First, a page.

php artisan make:model Activity -m

The activities table would require the following fields:

  1. Name of each recorded activity – Eg: created, updated or deleted
  2. A field to link the activity to the user that created it
  3. A polymorphic relation to store the details of the model for which the activity is being recorded

Below is our migration file for the activities table:

use Illuminate\Database\Schema\Blueprint;
use Illuminate\Database\Migrations\Migration;

class CreateActivitiesTable extends Migration 
{

    public function up()
    {
        Schema::create('activities', function(Blueprint $table) {
                $table->increments('id');
                $table->integer('subject_id')->index();
                $table->string('subject_type')->index();
                $table->string('name');
                $table->integer('user_id')->index();
                $table->timestamps();
            });
    }

    public function down()
    {
        Schema::drop('activities');
    }

}

Recording Activity

To record activity for a specific model, we need to track any model updates whenever it is created, updated or deleted. We will create a trait which will hijack these events and store the necessary data into the activities table.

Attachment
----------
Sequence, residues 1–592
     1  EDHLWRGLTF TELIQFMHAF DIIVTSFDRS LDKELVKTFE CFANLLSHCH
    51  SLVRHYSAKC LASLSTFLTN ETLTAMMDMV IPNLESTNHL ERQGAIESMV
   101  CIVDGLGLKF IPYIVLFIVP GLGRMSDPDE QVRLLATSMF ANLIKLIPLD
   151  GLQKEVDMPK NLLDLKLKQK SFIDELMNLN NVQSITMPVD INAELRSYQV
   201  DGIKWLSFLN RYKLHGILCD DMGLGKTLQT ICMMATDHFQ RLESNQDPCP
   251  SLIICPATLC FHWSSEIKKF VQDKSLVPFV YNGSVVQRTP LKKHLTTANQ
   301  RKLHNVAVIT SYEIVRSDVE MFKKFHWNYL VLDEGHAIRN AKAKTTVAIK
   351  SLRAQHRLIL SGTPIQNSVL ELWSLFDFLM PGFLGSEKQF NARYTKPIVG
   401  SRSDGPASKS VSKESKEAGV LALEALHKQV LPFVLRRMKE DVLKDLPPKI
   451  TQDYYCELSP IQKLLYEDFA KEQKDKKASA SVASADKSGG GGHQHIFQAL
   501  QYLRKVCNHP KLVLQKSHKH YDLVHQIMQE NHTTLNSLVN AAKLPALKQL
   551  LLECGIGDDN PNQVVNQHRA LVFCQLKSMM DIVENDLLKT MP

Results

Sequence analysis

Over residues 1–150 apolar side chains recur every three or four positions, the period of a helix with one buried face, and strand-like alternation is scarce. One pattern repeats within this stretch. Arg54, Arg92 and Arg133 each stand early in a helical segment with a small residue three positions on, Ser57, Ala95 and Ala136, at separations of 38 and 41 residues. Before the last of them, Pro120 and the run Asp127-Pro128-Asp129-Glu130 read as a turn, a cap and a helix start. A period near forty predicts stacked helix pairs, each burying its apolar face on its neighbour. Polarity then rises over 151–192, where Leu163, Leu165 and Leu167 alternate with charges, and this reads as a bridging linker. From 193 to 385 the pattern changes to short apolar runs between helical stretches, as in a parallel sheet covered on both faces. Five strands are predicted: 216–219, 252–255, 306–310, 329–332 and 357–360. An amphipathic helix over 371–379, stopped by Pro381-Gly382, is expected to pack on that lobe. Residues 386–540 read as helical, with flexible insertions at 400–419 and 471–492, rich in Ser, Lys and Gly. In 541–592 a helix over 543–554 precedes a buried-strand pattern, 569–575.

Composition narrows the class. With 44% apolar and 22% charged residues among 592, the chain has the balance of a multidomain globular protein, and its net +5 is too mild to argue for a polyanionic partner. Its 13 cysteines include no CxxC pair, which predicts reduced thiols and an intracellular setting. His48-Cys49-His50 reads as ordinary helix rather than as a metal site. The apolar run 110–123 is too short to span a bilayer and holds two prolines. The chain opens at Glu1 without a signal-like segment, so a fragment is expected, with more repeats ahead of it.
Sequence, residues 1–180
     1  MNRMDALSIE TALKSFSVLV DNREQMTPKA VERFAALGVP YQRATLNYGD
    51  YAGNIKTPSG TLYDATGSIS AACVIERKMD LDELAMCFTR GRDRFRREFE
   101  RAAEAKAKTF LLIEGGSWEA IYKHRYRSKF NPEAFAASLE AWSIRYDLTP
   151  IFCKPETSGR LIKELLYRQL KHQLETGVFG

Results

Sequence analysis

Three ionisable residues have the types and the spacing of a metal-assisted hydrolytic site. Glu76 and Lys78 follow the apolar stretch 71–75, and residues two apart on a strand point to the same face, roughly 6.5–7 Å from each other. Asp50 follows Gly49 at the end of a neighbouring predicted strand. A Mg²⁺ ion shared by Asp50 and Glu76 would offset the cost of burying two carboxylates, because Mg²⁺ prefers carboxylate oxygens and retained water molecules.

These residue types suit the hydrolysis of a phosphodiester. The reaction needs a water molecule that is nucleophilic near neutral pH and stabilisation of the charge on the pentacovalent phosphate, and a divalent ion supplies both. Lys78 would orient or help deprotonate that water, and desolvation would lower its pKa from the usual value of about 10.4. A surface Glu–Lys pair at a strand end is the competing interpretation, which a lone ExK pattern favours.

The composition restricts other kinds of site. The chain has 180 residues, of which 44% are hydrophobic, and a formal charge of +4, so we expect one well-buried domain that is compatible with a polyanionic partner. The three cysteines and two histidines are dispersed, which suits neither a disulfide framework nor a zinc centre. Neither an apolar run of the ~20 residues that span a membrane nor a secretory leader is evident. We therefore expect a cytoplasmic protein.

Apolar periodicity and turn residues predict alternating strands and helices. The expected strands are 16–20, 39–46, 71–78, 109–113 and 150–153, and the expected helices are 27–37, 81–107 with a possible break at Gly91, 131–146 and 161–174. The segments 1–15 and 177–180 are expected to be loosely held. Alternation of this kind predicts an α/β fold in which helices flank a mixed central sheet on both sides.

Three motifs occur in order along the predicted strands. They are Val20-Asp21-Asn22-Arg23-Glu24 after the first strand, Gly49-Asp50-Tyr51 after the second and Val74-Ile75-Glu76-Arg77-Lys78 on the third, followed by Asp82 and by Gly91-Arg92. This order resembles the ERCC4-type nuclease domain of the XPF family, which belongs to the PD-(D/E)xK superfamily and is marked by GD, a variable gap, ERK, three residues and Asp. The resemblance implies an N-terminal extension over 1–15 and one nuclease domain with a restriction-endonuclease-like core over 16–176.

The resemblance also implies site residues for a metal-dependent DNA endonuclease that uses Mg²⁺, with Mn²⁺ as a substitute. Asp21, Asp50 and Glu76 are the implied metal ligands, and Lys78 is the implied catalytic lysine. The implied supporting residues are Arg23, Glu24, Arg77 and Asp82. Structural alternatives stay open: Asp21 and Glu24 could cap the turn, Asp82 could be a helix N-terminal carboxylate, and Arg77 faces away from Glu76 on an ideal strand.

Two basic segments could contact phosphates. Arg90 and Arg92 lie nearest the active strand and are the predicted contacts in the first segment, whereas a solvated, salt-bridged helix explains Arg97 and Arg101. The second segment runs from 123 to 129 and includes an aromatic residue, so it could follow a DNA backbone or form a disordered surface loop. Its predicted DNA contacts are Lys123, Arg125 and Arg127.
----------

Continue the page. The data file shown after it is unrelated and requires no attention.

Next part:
The trait will have following methods:

  1. bootRecordsActivity – Eloquent will automatically trigger this method. This will be the starting point for the process of recording the activity.
  2. recordActivity – This method will store the activity details in the activities table
  3. getActivityName – This will return the name of activity viz. created_task or updated_task
  4. getModelEvents – This method will return an array of model events that are to be recorded. We can overwrite this in our Model if necessary.

The RecordsActivity trait will look like this:

# RecordsActivity.php

namespace App;

use App\Events\ActivityLogged;
use ReflectionClass;

trait RecordsActivity
{
    /**
     * Register the necessary event listeners.
     *
     * @return void
     */
    protected static function bootRecordsActivity()
    {
        foreach (static::getModelEvents() as $event) {
            static::$event(function ($model) use ($event) {
                $model->recordActivity($event);
            });
        }
    }

    /**
     * Record activity for the model.
     *
     * @param  string $event
     * @return void
     */
    public function recordActivity($event)
    {
        $activity = Activity::create([
            'subject_id' => $this->id,
            'subject_type' => get_class($this),
            'name' => $this->getActivityName($this, $event),